The first step in helping your child get over their fear of the dentist is understanding that their fear is completely natural in the first place. Doing something you’ve never done before comes with a certain level of apprehension and anxiety. However, you have a bit of control over how anxious your child is about going to the dentist.
These are five ways to help ease your child’s fear of the dentist
- Start Taking Your Child to the Dentist at 12 Months
If your child is still young enough, it’s a good idea to begin taking them to the dentist when they are a year old. At a year old, they are young enough to not be overly apprehensive about being in a dentist’s office, and it can create a smooth transition into the later years.
- Don’t Use Fear-Inducing Words
It’s a good idea that you choose your words wisely when talking with your child about the dentist. For example, make sure that you don’t use words like, “shot,” or “pain,” when going over the typical procedures in the dentist’s office. Likewise, refrain from saying things like, “Don’t be scared,” or “Try to stay calm.” Even if you’re trying to help, using these words can increase your child’s fear even more.
- Don’t Bribe
Whatever you do, stay away from bribing your child to go to the dentist. When you bribe your child to do something, this immediately tells them that there is something to be feared or overcome about the experience. Rather than bribing your child or rewarding them with a material object after the visit, give them verbal praise.
- Positively Describe the Dentist
If your child has never been to the dentist, you should instead use positive language to describe the dentist. Tell your child about how “nice” the dentist is, or how “good” it is to regularly take care of your teeth. Assess going to the dentist with good connotations for your child and their fears will likely be moderately mitigated. Talk to them frankly about what they are doing in their mouths, brushing, scraping, rinsing or putting on a same day crown.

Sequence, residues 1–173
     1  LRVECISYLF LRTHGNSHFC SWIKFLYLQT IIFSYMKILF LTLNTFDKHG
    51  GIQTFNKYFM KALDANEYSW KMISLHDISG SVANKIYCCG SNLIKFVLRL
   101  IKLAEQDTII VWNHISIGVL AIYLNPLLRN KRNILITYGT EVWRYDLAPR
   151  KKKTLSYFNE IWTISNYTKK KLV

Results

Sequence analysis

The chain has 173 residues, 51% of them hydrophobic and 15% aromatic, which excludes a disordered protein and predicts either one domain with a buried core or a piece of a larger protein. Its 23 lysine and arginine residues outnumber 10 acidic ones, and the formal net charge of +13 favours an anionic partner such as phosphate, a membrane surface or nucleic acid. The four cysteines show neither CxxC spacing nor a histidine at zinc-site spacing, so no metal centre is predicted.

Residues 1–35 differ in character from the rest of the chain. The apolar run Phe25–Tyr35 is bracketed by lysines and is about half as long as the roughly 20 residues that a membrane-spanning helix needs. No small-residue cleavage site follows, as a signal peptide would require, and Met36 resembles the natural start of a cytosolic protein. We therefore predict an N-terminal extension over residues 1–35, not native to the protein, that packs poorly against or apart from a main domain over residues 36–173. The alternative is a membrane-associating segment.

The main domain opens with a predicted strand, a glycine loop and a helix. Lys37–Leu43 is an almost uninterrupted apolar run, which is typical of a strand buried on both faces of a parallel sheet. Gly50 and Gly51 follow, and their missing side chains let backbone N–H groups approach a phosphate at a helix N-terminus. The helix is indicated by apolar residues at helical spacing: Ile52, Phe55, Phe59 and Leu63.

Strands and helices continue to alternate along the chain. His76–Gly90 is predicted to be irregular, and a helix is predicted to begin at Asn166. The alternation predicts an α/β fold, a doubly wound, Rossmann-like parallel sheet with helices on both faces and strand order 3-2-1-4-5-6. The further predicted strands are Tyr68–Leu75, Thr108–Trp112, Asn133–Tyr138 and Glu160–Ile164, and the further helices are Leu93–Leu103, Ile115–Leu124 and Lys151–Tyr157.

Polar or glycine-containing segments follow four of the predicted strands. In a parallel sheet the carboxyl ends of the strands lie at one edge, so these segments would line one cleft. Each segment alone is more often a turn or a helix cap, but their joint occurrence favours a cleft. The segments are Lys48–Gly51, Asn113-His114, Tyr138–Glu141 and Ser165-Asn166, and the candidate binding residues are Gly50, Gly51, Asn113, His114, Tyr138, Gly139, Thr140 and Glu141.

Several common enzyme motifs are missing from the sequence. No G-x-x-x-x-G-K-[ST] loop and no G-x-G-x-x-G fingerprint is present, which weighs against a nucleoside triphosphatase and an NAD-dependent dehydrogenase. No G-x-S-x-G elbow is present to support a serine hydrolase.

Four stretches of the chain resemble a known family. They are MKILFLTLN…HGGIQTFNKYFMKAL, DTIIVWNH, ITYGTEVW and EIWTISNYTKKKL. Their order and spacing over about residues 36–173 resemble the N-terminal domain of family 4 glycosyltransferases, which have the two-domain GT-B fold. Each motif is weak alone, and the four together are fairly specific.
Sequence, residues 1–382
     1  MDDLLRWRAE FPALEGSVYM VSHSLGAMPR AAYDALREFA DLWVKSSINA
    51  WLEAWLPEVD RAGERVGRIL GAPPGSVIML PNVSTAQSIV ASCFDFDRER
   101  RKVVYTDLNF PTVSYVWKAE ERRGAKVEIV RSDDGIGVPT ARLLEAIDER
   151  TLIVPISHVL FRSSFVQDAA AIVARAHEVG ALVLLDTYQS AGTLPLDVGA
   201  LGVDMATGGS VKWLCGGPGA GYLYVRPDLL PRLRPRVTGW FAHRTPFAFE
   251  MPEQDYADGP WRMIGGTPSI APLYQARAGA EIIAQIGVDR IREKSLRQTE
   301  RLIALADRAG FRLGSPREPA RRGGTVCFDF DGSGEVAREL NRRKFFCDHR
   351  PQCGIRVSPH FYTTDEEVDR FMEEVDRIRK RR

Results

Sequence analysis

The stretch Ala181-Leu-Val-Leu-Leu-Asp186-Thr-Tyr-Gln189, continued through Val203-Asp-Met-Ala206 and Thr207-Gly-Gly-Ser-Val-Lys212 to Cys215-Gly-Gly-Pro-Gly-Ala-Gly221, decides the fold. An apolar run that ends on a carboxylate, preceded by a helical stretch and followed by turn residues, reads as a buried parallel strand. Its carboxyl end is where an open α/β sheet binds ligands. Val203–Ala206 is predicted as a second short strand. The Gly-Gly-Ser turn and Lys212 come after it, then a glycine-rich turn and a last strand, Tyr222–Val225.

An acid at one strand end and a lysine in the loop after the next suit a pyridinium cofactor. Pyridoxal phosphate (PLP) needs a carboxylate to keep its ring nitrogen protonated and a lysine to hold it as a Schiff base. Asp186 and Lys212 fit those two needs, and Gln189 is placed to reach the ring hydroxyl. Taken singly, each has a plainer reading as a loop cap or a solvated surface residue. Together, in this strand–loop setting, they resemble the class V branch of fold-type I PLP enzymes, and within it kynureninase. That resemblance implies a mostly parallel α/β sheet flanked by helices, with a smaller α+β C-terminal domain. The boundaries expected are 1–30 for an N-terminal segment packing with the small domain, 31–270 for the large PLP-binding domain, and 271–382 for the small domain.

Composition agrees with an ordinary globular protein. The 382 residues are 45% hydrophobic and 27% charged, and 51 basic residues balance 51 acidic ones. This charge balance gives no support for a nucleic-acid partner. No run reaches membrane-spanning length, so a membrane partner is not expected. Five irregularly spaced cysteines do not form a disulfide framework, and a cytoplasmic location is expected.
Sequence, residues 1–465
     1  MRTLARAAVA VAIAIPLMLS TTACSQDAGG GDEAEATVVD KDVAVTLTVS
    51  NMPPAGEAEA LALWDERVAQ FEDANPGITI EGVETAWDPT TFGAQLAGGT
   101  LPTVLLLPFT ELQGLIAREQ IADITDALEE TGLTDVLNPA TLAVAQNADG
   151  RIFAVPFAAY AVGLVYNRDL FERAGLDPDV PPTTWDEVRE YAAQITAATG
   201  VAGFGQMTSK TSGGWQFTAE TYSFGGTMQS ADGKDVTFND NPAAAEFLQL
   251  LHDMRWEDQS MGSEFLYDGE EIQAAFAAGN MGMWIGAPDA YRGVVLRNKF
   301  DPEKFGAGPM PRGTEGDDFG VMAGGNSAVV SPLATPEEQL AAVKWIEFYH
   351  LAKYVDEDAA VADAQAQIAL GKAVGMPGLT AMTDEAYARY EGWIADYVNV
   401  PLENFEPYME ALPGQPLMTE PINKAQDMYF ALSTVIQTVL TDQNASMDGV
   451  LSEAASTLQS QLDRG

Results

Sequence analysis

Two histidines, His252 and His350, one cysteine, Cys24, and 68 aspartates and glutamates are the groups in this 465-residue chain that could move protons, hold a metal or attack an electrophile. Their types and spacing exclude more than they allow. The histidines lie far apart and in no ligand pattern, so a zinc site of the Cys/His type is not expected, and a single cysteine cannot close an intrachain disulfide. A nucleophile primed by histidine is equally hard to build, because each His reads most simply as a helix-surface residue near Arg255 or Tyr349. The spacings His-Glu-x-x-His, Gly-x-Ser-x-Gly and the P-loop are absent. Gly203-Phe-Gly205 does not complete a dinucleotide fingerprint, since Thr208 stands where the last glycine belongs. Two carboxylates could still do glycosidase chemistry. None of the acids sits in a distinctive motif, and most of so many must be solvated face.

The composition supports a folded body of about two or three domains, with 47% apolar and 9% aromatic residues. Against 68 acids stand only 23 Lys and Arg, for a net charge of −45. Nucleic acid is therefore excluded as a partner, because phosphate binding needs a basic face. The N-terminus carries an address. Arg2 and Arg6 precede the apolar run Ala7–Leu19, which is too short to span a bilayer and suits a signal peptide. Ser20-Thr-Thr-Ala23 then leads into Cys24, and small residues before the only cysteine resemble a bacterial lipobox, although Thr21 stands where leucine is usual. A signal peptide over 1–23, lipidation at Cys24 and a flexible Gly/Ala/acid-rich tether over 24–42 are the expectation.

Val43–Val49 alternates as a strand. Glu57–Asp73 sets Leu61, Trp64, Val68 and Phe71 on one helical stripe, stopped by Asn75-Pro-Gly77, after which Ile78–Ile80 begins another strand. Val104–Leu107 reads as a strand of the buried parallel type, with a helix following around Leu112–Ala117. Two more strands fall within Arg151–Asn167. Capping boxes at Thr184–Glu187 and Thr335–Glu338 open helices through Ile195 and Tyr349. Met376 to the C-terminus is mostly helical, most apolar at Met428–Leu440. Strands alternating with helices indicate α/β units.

- Take Your Child to the Dentist Beforehand
If the appointment is looming in the near future, consider taking your child to the dentist’s office beforehand so that they can get an idea of what to expect on the big day. Let them sit in the waiting area, and ask the dentist if you can take your child back into one of the patient rooms to observe other kids going through their own visits. When it’s time to leave, ask your child, “See? That wasn’t all that bad, was it?” Many dentists like Dr. Rogge of Artistic Smiles helps to reassure his young patients that going to the dentist is a positive experience.
Guest Post written by Brooke Chaplan. Brooke is a freelance writer and recent graduate of the University of New Mexico. She enjoys hiking, biking, running and blogging about many different subjects including family, home and fitness. Contact Brooke via Twitter @BrookeChaplan
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